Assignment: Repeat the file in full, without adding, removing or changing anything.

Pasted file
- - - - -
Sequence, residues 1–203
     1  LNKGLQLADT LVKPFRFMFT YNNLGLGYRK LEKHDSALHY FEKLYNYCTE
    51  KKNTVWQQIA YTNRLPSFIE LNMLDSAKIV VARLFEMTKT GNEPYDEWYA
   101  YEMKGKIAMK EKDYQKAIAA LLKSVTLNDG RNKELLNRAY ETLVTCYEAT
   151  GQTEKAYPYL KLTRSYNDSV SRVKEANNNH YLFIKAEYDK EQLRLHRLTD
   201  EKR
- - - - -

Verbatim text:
Sequence, residues 1–203
     1  LNKGLQLADT LVKPFRFMFT YNNLGLGYRK LEKHDSALHY FEKLYNYCTE
    51  KKNTVWQQIA YTNRLPSFIE LNMLDSAKIV VARLFEMTKT GNEPYDEWYA
   101  YEMKGKIAMK EKDYQKAIAA LLKSVTLNDG RNKELLNRAY ETLVTCYEAT
   151  GQTEKAYPYL KLTRSYNDSV SRVKEANNNH YLFIKAEYDK EQLRLHRLTD
   201  EKR